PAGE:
rfc 1812 third party address on traceroute

Owen DeLong owen at delong.com
Tue May 31 14:35:30 UTC 2016

It seems to me that a plain text reading of RFC-1812 is as Randy describes undesirable. It also seems that the violation of this text is commonplace in actual implementations because of yet another time where operators have made it clear to developers that the IETF is silly. 

I like the Linux solution... Comply with the RFC by default and provide a knob to do the "right thing" if desired. 

Best of all would be to put forth an errata against RFC1813 to change the text to specify the inbound interface of the packet triggering the ICMP message when applicable. The behavior currently described should be preserved for ICMP packets which are not triggered by inbound packets. 


> On May 31, 2016, at 01:27, Job Snijders <job at instituut.net> wrote:
>> On Mon, May 30, 2016 at 10:03:33PM -0700, Randy Bush wrote:
>>               .-----------------.
>>               |                 |
>>               |               B |--------- D
>>    S ---------| A      R        |
>>               |               C |--------- (toward S)
>>               |                 |
>>               `-----------------'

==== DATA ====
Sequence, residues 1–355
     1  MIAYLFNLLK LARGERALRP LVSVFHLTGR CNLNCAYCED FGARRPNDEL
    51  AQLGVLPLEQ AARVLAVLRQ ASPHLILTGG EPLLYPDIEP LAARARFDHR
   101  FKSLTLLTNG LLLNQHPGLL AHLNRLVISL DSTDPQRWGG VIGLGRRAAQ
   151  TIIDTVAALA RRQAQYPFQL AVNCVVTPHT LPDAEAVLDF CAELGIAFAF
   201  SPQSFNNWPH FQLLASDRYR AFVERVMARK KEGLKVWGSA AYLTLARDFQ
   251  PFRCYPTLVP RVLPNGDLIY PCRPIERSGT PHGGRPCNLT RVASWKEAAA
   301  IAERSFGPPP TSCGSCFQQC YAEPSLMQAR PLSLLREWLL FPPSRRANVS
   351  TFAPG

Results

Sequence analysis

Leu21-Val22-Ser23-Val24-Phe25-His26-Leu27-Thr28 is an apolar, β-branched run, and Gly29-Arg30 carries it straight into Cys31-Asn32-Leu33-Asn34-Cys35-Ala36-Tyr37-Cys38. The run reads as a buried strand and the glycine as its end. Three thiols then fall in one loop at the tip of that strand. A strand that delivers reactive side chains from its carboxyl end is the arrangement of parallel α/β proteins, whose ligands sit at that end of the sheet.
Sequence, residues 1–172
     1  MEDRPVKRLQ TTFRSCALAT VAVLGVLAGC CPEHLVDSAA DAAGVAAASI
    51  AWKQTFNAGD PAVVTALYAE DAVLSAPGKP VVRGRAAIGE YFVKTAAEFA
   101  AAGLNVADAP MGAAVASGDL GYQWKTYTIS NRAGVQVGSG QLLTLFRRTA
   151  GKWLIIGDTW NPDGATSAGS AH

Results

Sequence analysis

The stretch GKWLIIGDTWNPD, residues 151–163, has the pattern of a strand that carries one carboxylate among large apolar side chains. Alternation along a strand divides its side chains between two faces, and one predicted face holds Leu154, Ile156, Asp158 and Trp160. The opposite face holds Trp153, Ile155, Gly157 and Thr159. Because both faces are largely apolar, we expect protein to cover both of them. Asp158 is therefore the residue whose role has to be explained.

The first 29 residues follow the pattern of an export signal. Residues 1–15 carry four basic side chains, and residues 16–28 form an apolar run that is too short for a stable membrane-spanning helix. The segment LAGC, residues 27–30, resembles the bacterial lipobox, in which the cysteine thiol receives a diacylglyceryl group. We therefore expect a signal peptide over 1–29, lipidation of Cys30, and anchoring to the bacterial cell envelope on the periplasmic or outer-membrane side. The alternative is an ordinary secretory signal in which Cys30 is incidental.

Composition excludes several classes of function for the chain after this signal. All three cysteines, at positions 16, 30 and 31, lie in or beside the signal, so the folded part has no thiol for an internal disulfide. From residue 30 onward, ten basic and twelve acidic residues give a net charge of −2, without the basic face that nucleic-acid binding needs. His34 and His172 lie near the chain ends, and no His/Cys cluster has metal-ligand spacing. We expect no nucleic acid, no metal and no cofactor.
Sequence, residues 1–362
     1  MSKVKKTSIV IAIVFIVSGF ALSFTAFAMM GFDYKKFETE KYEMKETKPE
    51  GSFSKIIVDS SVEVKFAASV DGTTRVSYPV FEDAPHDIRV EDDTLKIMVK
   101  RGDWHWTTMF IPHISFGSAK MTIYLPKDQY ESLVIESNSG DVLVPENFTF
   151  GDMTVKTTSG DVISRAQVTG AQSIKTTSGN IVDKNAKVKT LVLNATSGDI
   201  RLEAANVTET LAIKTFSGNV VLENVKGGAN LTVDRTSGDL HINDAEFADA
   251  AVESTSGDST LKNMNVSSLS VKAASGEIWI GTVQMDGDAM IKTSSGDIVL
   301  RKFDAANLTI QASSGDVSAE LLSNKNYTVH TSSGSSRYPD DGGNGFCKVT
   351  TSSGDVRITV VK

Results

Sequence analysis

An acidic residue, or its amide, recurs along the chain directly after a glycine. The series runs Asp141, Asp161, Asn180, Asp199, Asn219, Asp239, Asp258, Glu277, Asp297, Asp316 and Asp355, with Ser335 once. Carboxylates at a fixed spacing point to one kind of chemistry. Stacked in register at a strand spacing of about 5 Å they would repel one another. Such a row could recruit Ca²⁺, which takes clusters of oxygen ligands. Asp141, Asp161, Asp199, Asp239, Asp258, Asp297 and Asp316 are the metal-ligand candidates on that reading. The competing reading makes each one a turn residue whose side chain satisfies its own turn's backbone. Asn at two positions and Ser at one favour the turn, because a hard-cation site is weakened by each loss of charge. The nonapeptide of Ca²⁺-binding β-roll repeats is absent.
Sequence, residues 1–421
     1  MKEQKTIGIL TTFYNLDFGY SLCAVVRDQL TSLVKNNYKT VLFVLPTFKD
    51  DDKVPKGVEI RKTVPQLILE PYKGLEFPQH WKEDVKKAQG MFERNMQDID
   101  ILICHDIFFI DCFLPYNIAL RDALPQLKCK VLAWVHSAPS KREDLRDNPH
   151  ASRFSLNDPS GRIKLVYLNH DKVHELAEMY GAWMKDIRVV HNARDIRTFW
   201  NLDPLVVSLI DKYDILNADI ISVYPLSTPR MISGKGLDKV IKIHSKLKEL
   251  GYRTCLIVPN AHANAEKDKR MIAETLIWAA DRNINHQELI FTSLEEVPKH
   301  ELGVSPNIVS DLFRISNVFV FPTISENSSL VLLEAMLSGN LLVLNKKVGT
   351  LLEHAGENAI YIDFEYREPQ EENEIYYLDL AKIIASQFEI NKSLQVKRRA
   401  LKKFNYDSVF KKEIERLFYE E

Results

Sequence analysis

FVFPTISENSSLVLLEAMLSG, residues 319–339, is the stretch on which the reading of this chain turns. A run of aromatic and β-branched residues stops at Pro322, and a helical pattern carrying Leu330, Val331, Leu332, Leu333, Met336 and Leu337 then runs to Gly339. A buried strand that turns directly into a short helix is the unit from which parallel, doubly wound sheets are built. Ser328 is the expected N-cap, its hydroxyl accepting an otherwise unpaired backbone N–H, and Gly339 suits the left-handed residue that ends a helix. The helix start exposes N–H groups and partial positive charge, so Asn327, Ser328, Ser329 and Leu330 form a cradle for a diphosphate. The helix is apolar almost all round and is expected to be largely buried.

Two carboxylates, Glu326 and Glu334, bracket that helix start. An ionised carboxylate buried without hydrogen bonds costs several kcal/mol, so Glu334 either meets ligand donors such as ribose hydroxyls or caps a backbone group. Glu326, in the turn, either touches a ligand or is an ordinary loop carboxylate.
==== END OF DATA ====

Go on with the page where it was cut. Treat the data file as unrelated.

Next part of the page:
>> if the source of a traceroute from S toward D with TTL to expire on R,
>> and R's FIB wants to exit via C to get back to S (yes, virginia, the
>> internet is highly asymmetric), the source address of the time exceeded
>> message should be C.
>> of course, simpletons such as i would desire the source of the time
>> exceeded message to be A.  after all, this is the interface to which i
>> sent the icmp with the TTL to expire.
>> is anyone seeing the dreaded rfc1812 behavior in a citable fashion?  how
>> common is it?
> On most Linux the default behaviour is using source address "C", but
> this can be corrected by setting the following somewhere in your
> /etc/sysctl.d/ files:
>    # make traceroute nice
>    net.ipv4.icmp_errors_use_inbound_ifaddr=1
> Kind regards,
> Job

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